header advert
Orthopaedic Proceedings Logo

Receive monthly Table of Contents alerts from Orthopaedic Proceedings

Comprehensive article alerts can be set up and managed through your account settings

View my account settings

Visit Orthopaedic Proceedings at:



Full Access


7th Congress of the European Federation of National Associations of Orthopaedics and Traumatology, Lisbon - 4-7 June, 2005


Traditionally open extensor tendon injuries in zones III to V (PIP to MP joints) have been treated with repair and immobilization in extension for 4 to 6 weeks. Early controlled motion protocols have been successfully used in zones VI and VII of the extensors. An early controlled mobilization protocol combined with strong repair for zones III to V extensor tendon lacerations was studied prospectively.

From 1999 to 2003, 27 extensor tendon lacerations in 26 patients, mean age 34 years (range 14–70), were treated using dynamic extension splinting. Inclusion criteria were zone III to V, complete lacerations involving the extensor mechanism and possibly the dorsal capsule (without associated fractures or skin deficits) in patients without healing impairment. All injuries were treated in the emergency department with a core Kessler-Tajima suture and continuous epitendon suture. After an initial immobilization in a static splint ranging from 5 days (for zone V) to 3 weeks (for zone III), controlled mobilization was initiated with a dynamic splint that included only the injured finger. The patient was weaned off the dynamic splint 5 weeks after the initial trauma. The patients were treated in an outpatient basis and did not attend any formal physiotherapy program.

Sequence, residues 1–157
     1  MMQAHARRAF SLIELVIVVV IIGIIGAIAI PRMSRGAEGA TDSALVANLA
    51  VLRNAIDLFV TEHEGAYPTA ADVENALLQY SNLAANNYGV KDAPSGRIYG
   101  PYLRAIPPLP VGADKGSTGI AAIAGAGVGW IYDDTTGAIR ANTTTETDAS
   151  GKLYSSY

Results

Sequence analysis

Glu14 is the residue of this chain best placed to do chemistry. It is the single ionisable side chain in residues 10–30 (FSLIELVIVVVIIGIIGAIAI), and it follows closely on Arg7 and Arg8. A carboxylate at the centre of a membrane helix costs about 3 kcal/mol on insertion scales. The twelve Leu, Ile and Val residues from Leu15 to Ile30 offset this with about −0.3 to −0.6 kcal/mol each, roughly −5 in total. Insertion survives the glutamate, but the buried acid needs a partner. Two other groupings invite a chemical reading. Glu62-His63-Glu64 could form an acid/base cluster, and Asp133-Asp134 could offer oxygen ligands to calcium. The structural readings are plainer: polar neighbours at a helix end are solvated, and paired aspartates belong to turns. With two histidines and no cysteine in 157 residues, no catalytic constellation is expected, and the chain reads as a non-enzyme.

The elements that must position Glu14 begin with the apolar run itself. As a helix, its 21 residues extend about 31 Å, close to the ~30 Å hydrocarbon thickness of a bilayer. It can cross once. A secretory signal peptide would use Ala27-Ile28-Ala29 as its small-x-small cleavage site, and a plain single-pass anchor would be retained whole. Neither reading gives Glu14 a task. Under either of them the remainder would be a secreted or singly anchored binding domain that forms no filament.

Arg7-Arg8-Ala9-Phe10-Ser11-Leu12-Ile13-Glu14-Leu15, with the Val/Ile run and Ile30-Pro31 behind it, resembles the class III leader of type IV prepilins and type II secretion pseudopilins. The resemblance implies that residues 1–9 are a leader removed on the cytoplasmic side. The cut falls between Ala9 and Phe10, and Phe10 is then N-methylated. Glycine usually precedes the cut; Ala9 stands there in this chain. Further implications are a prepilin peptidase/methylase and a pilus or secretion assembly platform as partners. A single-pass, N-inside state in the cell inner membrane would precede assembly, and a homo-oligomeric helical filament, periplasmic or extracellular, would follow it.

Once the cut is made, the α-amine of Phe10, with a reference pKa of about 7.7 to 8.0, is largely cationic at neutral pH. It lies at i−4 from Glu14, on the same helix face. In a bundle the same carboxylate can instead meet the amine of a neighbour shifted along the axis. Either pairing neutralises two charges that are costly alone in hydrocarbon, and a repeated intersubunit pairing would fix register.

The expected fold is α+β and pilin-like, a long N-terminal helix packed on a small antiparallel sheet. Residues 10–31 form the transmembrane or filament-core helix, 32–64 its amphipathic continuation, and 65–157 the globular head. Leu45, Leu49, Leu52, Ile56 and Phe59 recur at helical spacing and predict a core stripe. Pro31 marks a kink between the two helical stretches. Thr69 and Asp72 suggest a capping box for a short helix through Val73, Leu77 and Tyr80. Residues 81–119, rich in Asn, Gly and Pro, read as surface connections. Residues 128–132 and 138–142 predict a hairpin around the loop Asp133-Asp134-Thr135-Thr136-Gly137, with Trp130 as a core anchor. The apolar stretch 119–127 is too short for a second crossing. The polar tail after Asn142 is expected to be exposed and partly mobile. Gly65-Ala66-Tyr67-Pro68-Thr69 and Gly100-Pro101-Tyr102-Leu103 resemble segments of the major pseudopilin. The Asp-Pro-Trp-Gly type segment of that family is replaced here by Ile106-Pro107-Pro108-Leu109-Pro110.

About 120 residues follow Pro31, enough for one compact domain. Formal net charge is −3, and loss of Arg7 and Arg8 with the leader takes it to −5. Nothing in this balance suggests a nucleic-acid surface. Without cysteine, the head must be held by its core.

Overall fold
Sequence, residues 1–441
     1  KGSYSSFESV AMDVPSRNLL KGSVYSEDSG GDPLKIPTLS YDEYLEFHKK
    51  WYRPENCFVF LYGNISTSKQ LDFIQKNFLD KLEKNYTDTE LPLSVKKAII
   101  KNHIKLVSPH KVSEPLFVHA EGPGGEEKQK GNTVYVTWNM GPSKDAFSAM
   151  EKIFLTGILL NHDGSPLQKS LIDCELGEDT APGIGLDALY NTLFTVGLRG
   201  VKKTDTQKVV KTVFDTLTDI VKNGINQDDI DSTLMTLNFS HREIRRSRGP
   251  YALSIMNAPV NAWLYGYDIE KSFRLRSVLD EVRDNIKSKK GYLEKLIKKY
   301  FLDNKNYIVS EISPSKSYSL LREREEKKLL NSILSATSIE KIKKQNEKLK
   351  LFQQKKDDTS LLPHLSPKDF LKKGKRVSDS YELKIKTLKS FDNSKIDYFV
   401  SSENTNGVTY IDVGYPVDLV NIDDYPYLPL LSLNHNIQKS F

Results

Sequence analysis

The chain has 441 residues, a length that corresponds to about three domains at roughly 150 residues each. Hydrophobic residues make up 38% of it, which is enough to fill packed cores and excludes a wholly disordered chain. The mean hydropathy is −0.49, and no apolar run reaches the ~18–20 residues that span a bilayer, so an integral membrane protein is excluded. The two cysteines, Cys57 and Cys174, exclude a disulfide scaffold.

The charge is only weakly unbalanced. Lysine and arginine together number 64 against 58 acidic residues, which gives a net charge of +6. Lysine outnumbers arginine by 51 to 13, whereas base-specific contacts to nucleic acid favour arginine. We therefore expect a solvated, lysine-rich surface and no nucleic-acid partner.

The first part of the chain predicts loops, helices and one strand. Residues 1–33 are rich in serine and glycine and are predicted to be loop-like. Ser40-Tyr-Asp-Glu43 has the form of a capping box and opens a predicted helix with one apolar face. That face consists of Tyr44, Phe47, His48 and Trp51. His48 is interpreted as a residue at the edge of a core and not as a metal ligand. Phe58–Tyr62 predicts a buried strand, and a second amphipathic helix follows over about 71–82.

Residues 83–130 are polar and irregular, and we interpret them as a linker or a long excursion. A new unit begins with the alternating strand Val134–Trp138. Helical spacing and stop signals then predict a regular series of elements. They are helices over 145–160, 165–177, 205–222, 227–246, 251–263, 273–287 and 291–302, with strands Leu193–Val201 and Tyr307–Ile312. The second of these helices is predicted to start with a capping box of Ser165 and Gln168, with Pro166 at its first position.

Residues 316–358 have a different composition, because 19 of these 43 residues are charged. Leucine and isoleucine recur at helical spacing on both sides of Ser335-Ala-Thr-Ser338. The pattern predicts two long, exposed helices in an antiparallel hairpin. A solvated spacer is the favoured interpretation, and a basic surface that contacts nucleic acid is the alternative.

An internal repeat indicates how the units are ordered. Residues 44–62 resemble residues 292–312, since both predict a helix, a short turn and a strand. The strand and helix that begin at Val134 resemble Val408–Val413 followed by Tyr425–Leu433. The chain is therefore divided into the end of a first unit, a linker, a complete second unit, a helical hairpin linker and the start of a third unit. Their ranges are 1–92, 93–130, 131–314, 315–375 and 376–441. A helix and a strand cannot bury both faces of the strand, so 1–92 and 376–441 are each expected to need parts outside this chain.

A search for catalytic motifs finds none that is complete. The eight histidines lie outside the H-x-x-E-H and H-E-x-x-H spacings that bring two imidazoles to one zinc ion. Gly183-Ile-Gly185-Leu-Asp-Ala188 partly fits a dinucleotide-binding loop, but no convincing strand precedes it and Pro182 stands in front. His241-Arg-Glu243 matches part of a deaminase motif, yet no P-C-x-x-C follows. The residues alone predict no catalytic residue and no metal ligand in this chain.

The mean follow up was 16 months (range 10–24 months). No ruptures or boutoniere deformities were observed and no tenolysis was necessary. The mean TAM was 242deg for the fingers and 119deg for the thumbs. The mean grip and pinch strength averaged 85% and 88% that of the contralateral unaffected extremity. 77% of the patients achieved a good or excellent result in Miller’s classification. The mean loss of flexion was found to be greater than the mean extension deficit.

The protocol described above was found to be safe, simple, functional, cost effective and reproducible for zone III to V simple extensor tendon injuries. Success is based on strong initial repair, close physician observation and a cooperative patient. The addition of physiotherapy for patients with flexion deficits in the period immediately after dynamic splinting may ameliorate results.

Theses abstracts were prepared by Professor Roger Lemaire. Correspondence should be addressed to EFORT Central Office, Freihofstrasse 22, CH-8700 Küsnacht, Switzerland.